Local ministers group responds to release of body camera footage

Local ministers group responds to release of body camera footage
April 21
00:00 2016
Bishop Todd Fulton



Earlier this week, The Ministers’ Conference of Winston-Salem and Vicinity (MCWSV) held a press conference to respond to the release of body camera footage of the incident that led to Travis Page dying while in the custody of four officers with the Winston-Salem Police Department.

According to a police report, on Dec. 9 Corporal Robert Fenimore, Officer Christopher Doub, Officer Austin Conrad and Officer Jacob Tuttle responded to a reported discharge of firearm on Old Rural Hall Road. Upon arrival officers attempted to detain 31-year-old Page, who matched the description of the reported gunman.

After a brief struggle with Page, one of the officers used pepper spray in order to gain control. At that time, Page became unresponsive. Officers performed lifesaving efforts, but were unsuccessful.

For months, MCWSV and a number of other community organizations urged District Attorney Jim O’Neil to release body camera footage obtained from the officers present during Page’s death. During the press conference held at Emmanuel Baptist Church, MCWSV president Bishop Todd Fulton said, after viewing the videotapes that were released last month, the Minsters’ Conference feels that the officers involved followed professional standards.

“We are proud to say that this is not Ferguson,” said Fulton. “This is not like so many trends that we have seen transpire across America.”

Fulton also mentioned the Forsyth County District Attorney’s office released the footage in a timely manner. He noted that we have seen some cases where it takes more than a year for footage to be released.

According to representatives from the district attorney’s office, footage could not be made public until an internal investigation by the State Bureau of Investigation was complete.

“We were pushing for solidarity in our community. The only way we are going to get that is through transparency,” Fulton continued. “We are working to build a stronger community.”

City Council member and public safety chairman James Taylor said, although the loss of life is always a tragic event, following the death of Page, everyone involved did their job. As he stood at the podium on Tuesday afternoon, Taylor said, “Although the community has had issues with the police department and district attorney’s office in the past, moving toward the future we have nothing to worry about.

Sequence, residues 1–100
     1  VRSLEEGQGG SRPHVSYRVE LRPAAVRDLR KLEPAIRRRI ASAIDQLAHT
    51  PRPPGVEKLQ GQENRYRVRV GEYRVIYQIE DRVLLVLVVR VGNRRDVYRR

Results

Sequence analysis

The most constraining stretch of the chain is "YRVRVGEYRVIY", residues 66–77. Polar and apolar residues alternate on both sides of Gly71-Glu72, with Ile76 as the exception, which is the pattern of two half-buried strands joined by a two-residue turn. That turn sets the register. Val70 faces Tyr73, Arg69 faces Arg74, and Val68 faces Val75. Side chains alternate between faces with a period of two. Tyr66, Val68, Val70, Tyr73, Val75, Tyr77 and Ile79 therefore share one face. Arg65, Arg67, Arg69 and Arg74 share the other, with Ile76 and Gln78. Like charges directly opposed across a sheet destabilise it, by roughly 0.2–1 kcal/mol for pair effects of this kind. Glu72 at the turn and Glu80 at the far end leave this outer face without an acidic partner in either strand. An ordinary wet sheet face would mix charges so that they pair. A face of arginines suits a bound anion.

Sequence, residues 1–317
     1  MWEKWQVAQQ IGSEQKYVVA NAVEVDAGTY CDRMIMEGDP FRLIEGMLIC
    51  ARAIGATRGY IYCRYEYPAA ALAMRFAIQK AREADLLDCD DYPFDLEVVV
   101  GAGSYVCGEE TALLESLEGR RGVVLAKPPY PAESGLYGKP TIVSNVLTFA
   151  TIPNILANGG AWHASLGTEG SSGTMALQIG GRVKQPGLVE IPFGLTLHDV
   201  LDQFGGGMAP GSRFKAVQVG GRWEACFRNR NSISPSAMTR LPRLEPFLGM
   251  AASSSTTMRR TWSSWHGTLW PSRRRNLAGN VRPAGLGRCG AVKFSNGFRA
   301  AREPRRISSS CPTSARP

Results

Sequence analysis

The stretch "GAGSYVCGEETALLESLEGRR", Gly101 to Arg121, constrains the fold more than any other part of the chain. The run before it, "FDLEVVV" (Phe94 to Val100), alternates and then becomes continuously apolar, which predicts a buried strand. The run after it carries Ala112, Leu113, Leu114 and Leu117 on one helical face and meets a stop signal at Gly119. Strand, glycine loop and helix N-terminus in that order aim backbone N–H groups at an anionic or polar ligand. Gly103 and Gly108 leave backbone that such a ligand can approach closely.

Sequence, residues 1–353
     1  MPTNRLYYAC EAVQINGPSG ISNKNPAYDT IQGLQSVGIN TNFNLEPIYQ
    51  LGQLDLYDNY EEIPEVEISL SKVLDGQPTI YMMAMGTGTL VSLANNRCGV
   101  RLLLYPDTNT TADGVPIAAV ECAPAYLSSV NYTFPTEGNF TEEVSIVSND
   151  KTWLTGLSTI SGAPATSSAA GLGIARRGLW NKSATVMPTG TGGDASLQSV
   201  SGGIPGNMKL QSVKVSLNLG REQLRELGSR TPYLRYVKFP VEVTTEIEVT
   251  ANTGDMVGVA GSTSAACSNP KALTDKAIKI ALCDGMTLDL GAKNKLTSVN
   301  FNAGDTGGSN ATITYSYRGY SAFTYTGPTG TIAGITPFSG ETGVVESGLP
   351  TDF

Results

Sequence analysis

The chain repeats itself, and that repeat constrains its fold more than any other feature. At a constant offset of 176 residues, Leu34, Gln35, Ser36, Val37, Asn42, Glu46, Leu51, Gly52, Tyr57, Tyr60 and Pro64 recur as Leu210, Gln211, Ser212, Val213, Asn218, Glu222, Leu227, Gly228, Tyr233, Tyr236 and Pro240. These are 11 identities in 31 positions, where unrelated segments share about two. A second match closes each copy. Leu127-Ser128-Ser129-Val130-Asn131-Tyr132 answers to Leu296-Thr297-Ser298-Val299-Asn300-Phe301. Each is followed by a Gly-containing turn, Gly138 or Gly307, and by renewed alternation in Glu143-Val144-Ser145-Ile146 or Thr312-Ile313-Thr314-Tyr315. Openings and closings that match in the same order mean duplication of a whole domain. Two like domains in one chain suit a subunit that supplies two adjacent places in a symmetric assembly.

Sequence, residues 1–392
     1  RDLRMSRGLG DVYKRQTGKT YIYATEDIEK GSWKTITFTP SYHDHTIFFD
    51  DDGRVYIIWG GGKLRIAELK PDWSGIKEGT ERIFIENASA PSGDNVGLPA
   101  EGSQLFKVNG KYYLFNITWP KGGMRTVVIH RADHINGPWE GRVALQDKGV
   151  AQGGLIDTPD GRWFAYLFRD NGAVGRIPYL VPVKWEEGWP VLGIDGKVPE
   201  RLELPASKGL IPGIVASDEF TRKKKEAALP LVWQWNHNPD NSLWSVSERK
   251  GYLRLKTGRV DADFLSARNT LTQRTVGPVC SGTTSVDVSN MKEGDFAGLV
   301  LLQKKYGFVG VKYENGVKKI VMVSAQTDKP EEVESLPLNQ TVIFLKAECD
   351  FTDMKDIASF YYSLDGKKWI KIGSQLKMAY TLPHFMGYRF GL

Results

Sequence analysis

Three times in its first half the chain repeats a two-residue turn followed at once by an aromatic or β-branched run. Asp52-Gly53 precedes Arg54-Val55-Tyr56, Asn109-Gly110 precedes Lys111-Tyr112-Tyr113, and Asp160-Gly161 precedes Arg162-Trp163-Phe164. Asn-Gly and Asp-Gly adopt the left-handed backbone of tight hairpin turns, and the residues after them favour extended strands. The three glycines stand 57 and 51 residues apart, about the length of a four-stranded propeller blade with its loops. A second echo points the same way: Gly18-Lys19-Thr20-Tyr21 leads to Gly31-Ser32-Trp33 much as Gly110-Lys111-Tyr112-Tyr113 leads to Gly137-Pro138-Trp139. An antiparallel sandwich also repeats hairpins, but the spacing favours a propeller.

“I think we have the some of the best citizens, officers, elected officials and community in this entire country,” he said. “When it comes to protecting this community, I don’t think we have anything to worry about.”

Mayor Allen Joines said he has every confidence in Chief Barry Rountree and the training that officers receive. Joines also said he was grateful for the body cameras that were worn by officers during the incident.

“Thank goodness that we had body cameras. I think that was a great investment made by the City of Winston-Salem.”

Although satisfied with the handling of the Travis Page footage, Fulton said the Ministers’ Conference still has a number of issues and concerns with state legislation policies in regard to releasing body camera footage.

Under House Bill 713, discretion to release recordings would be decided by law enforcement agencies. The bill would restrict all public access by treating police body camera footage as pieces of evidence in criminal investigations.

“We definitely have concerns with that bill,” he said. “That is one of our major concerns right now, making sure that bill is not passed and transparency remains.”

About Author

WS Chronicle

WS Chronicle

Related Articles


Featured Sponsor

Receive Chronicle Updates

  • This field is for validation purposes and should be left unchanged.



More Sponsors